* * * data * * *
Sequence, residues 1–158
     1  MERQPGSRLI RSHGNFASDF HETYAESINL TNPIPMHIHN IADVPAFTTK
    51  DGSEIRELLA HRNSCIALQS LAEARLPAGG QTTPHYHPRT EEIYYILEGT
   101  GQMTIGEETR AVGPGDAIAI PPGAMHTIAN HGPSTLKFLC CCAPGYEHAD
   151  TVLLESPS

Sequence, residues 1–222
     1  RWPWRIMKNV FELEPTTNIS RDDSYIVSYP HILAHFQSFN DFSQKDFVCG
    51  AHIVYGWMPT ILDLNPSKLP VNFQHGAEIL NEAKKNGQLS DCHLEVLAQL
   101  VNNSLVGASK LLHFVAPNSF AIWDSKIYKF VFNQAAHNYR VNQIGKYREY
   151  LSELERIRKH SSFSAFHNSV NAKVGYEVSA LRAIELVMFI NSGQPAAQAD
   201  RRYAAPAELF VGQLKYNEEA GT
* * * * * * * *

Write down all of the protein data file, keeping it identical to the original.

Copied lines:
Sequence, residues 1–158
     1  MERQPGSRLI RSHGNFASDF HETYAESINL TNPIPMHIHN IADVPAFTTK
    51  DGSEIRELLA HRNSCIALQS LAEARLPAGG QTTPHYHPRT EEIYYILEGT
   101  GQMTIGEETR AVGPGDAIAI PPGAMHTIAN HGPSTLKFLC CCAPGYEHAD
   151  TVLLESPS

Sequence, residues 1–222
     1  RWPWRIMKNV FELEPTTNIS RDDSYIVSYP HILAHFQSFN DFSQKDFVCG
    51  AHIVYGWMPT ILDLNPSKLP VNFQHGAEIL NEAKKNGQLS DCHLEVLAQL
   101  VNNSLVGASK LLHFVAPNSF AIWDSKIYKF VFNQAAHNYR VNQIGKYREY
   151  LSELERIRKH SSFSAFHNSV NAKVGYEVSA LRAIELVMFI NSGQPAAQAD
   201  RRYAAPAELF VGQLKYNEEA GT